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Ancient Chinese served as the first written refuge for the teachings. This language is very old, although its availability in India is supposed to have been limited. Today we have received the so-called "Chinese Agamas" which are translations of oral texts in Sanskrit. The drawback is that they are fragmented, dispersed and the vast majority of them have been lost. Although they do not serve to reconstruct teaching, their value is extraordinary to find the precise definition of technical terms, since both Chinese and Sanskrit are living languages today that have an enormous and rich etymology and comparative uses. The most important collection that has come down to us to date are the “Nikayas pāli”. Although it is the most complete, it is simultaneously the most problematic. It is written in Pāli, which was never a natural spoken language. It is an artificial language with an obscure relationship with old dialects of present-day Pakistan. The Pāli was created with the sole purpose of containing the so-called «Pāli Canon» which is a heterogeneous collection of texts that combine versions of the originals mixed with classic tales and legends, which were included in order to confer some kind of «authority» on them. .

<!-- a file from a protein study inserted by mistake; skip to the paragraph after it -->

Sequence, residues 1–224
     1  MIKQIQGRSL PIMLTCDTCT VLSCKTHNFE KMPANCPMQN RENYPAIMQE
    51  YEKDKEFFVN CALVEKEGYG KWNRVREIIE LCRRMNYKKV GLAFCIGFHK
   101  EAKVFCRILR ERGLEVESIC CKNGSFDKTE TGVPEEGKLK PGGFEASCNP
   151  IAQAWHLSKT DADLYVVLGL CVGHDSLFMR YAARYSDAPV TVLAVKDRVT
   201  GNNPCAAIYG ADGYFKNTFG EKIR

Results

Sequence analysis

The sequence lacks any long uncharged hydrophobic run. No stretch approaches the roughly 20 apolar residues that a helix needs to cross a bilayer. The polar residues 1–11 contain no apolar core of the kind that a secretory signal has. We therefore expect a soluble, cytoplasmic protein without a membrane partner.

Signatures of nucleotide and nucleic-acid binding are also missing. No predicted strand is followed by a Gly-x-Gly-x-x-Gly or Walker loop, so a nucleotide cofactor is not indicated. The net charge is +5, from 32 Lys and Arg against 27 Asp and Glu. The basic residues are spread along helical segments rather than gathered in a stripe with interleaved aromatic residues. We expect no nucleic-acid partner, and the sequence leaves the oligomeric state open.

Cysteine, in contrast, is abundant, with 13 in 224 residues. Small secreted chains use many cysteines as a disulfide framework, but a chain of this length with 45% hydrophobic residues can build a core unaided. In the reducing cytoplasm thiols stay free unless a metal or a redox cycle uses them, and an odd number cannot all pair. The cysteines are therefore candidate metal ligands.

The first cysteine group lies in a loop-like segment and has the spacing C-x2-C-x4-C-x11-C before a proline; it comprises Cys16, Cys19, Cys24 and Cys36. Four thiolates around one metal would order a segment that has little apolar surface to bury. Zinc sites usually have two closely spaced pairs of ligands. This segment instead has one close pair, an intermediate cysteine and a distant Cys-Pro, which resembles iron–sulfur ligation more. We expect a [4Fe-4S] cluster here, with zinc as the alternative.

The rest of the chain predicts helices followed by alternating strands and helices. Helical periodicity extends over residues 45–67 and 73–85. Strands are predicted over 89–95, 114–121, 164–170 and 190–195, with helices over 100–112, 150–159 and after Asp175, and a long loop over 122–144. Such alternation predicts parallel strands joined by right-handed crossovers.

The Book of the Six Sense Fields - Saṁyutta Nikāya

  • Buddha's Interlocking Discourses Collection (Book 4)

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